Another unique feature of U.S. assistance to Israel that undermines oversight is the provision for OSP. Although this subsidization of Israel’s military weapons manufacturing will be phased out by FY2028, it will still amount to hundreds of millions of dollars per year until then. Prior to 2016, the United States had no mechanism to track how OSP funds were used—it was essentially giving Israel a blank check. The 2016 MOU requires Israel to provide “detailed programmatic information” on OSP to the executive branch but omits any provision for transmitting it to Congress or making it public.


Some U.S. assistance could be justified as fulfilling Israel’s legitimate self-defense needs and be in line with U.S. law—for example, defense against Iran and its regional proxies and against oftentimes indiscriminate rockets fired by Hamas and other armed Palestinian groups from the Gaza Strip. But the continued provision of billions of dollars in U.S. assistance to Israel—which helps entrench its military occupation of Palestinian land in violation of U.S. law—is becoming more difficult to justify, particularly given U.S. budgetary constraints and given that Israel, with a per capita GDP rivaling Western European countries, could (and already does) purchase weapons, equipment, and fuel from the United States (see figure 2).

Though some might argue that ending grants to Israel will push it to purchase from other countries and undermine the alliance, U.S.-Israel co-development and research of weapons systems and the need to maintain interoperability make this unlikely. In fact, Congress passed a new program to institutionalize U.S.-Israel co-development in cooperation with defense contractors. Both the executive branch and Congress are committed to fully funding the terms of the MOU through 2028. However, ending FMF after this MOU and ensuring that Israel’s future purchases of U.S. weapons are consonant with U.S. law would make taxpayers less directly complicit in Israel’s human rights abuses of Palestinians.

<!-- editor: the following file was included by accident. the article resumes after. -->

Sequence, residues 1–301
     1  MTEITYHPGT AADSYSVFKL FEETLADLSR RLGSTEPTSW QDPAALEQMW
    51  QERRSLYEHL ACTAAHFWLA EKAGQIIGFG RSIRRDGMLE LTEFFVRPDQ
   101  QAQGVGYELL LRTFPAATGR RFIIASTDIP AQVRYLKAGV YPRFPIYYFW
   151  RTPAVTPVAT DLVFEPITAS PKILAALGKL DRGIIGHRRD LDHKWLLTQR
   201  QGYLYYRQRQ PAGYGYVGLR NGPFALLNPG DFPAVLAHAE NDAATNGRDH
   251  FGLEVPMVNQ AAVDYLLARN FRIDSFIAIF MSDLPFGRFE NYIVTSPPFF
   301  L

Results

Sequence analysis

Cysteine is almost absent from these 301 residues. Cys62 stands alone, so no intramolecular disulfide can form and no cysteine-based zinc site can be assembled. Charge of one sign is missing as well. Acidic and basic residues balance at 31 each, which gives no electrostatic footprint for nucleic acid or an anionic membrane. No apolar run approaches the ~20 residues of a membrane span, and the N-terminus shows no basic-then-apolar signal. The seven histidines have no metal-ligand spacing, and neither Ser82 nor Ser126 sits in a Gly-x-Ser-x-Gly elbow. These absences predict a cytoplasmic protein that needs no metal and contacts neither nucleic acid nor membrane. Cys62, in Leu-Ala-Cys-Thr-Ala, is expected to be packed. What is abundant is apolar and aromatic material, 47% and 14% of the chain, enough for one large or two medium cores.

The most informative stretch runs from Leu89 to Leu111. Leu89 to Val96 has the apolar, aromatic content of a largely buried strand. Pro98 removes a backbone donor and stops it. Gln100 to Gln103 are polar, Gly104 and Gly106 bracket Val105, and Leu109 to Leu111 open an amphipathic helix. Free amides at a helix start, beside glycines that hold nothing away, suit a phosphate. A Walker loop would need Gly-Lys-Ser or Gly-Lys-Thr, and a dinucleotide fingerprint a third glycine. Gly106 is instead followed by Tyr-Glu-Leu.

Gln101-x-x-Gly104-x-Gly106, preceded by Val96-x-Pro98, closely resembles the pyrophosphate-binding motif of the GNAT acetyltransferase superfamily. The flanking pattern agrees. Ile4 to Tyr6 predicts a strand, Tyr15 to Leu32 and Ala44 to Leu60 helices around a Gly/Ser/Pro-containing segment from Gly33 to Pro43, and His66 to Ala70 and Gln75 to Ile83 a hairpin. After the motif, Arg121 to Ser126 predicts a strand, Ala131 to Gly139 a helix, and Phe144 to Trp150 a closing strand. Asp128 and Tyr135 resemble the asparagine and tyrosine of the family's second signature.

Others might argue for continuing security assistance despite human rights concerns because of the U.S. national security benefits that derive from sharing defense technologies with Israel. But these technologies are generally purpose-specific and based on Israel’s location, size, and strategy; U.S. dollars would be better spent in funding development that meets U.S. specifications and needs. Foreign weapons grants and sales also create domestic economic dependencies around their continuation, which have little to do with the raison d’être for the security assistance.


The United States is not the world’s police, but it does have obligations under both federal and international law to ensure that it is not furthering human rights abuses. Toward meeting those obligations and preventing further deterioration of the situation on the ground between Israelis and Palestinians, the administration should: